The audience you are targeting, the industry in which you operate, and the types of products or services you offer all play a role in which market positioning type is right for your business. Let’s take a closer look at the 7 types of positioning strategies available.

1. Quality-Based Positioning

First up is quality-based positioning. Anchoring your brand’s position around the quality of your products or services is among the oldest and most fundamental positioning strategies. Customers, after all, should be able to trust that your brand will deliver top-notch products or services that are worth the money they’re willing to part with.

As we’ll see in the section below on how to create a brand positioning map, quality—like all of the positioning strategies listed here—exists on a spectrum. On the extreme end of the spectrum are brands like Louis Vuitton and Bentley, whose brands are positioned around luxury experiences. But quality doesn’t have to mean lavish expense. It can be as simple as a reliable product that always works the way it is designed to.

As with any positioning strategy, quality-based positioning is only as good as the brand experience behind it, of course. Brands have to walk the walk if they hope for any positioning to be lasting and impactful.

2. Price-Based Positioning

After quality-based positioning, the next-most common positioning strategy for brands over the past century has been value- or price-based positioning. As much as consumers want the best possible product or service available, they also want to spend the least amount of money acquiring it.

Brands that have successfully positioned around price include Southwest Airlines and the many iterations of dollar stores like Dollar Tree and Family Dollar.

Each of these brands has deftly established itself as a lower-cost alternative to other brands in the space. Southwest created an entirely new industry segment in pioneering the idea of budget air travel. Similarly, dollar stores redefined grocery shopping for a large segment of price-conscious consumers.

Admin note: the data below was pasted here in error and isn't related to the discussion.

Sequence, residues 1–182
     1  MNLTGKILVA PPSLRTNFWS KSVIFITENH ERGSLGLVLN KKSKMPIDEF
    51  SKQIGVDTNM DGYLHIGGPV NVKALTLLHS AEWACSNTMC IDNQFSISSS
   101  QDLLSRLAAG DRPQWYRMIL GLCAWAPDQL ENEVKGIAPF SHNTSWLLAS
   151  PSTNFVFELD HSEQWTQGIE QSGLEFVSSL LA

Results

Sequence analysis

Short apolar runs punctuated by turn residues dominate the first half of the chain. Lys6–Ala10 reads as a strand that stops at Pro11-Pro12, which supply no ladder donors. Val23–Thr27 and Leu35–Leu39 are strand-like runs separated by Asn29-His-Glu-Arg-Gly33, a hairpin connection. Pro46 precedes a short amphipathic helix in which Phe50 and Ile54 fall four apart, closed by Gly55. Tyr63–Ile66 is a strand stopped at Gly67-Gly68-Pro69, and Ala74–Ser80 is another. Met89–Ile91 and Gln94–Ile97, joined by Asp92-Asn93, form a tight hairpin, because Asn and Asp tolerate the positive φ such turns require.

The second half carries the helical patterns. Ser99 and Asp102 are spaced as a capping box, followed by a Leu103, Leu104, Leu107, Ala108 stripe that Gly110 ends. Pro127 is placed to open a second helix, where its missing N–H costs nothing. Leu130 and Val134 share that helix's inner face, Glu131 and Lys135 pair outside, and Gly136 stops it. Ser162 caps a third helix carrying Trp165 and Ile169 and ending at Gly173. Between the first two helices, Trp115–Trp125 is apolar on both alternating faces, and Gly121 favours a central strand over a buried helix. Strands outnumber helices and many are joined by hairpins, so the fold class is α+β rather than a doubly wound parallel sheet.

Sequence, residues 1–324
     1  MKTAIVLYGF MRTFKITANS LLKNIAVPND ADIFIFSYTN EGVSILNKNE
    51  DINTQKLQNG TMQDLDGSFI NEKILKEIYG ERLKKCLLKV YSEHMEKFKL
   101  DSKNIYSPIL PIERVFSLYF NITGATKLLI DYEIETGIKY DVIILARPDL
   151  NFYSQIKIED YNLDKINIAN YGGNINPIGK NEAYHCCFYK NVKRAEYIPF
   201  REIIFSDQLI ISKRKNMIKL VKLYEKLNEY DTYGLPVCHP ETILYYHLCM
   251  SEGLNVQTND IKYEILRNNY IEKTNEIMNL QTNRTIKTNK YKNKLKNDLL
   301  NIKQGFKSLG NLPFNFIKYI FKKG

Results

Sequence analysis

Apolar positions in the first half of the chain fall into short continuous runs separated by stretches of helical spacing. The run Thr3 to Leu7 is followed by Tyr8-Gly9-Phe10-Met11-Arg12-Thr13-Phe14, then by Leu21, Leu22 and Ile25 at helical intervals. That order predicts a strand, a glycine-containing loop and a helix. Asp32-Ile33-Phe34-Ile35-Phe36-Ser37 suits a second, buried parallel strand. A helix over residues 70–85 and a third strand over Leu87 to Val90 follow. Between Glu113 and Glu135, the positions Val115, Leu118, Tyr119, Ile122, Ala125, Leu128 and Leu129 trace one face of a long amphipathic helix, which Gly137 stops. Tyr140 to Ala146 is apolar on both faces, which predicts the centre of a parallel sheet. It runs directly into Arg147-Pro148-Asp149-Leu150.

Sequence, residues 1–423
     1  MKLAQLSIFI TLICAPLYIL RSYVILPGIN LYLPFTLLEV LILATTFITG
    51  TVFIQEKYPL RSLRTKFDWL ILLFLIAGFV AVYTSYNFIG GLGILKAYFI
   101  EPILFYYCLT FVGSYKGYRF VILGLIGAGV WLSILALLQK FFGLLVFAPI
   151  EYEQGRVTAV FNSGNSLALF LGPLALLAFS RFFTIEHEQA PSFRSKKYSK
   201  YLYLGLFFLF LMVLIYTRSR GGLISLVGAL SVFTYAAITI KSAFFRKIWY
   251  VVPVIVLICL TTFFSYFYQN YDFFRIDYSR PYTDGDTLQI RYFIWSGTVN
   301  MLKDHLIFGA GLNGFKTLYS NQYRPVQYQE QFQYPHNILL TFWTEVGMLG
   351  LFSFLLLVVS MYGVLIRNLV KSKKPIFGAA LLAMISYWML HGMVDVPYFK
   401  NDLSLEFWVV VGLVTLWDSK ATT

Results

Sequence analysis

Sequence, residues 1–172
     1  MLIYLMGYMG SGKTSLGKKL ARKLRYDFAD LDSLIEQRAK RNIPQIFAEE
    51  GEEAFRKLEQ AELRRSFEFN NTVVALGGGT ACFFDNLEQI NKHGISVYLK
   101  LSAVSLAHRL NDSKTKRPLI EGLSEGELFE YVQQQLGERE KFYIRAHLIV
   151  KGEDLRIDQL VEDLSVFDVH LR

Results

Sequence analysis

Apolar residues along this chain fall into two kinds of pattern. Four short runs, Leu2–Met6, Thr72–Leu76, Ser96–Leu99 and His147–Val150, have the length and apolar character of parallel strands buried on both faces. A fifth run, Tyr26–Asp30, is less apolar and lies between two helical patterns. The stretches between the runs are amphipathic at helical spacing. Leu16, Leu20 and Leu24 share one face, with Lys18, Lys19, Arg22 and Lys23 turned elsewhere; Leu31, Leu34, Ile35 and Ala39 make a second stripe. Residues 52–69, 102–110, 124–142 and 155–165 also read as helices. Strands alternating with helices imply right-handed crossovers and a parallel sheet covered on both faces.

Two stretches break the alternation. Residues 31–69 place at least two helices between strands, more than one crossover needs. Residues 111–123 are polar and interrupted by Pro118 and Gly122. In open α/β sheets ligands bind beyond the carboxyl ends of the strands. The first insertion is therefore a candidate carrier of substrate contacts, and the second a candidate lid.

Affordability often comes at the expense of quality, at least in many audience’s minds. To overcome this association is the challenge of any brand looking to leverage price-based positioning.

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3. Benefit-Based Positioning

Where quality-based positioning is centered on overall superior performance, benefit-based positioning highlights specific benefits or features of a brand’s offering.

Think of Volvo’s age-old brand promise around the safety of its vehicles. For much of its existence, Volvo’s brand positioning has been laser-focused on this profound benefit. Few benefits are more important to Volvo’s target audience of middle-class families, which is what makes its benefit-based positioning so effective.

Or consider Sensodyne. Not many brands are so closely associated with such a unique product benefit. For people who are suffering from tooth sensitivity, there’s really only one brand that will be front of mind as an effective remedy. As with Volvo, Sensodyne has successfully positioned itself in the minds of its audiences as the go-to solution for a very specific problem.

4. Leader-Based Positioning

Leader-based positioning is all about situating your brand as the undisputed leader in its respective market. This is obviously not a positioning strategy that works for most brands. By definition, leader-based positioning is limited to just one or two brands in every industry or vertical (who is the actual “leader” in any industry is difficult to quantify, after all).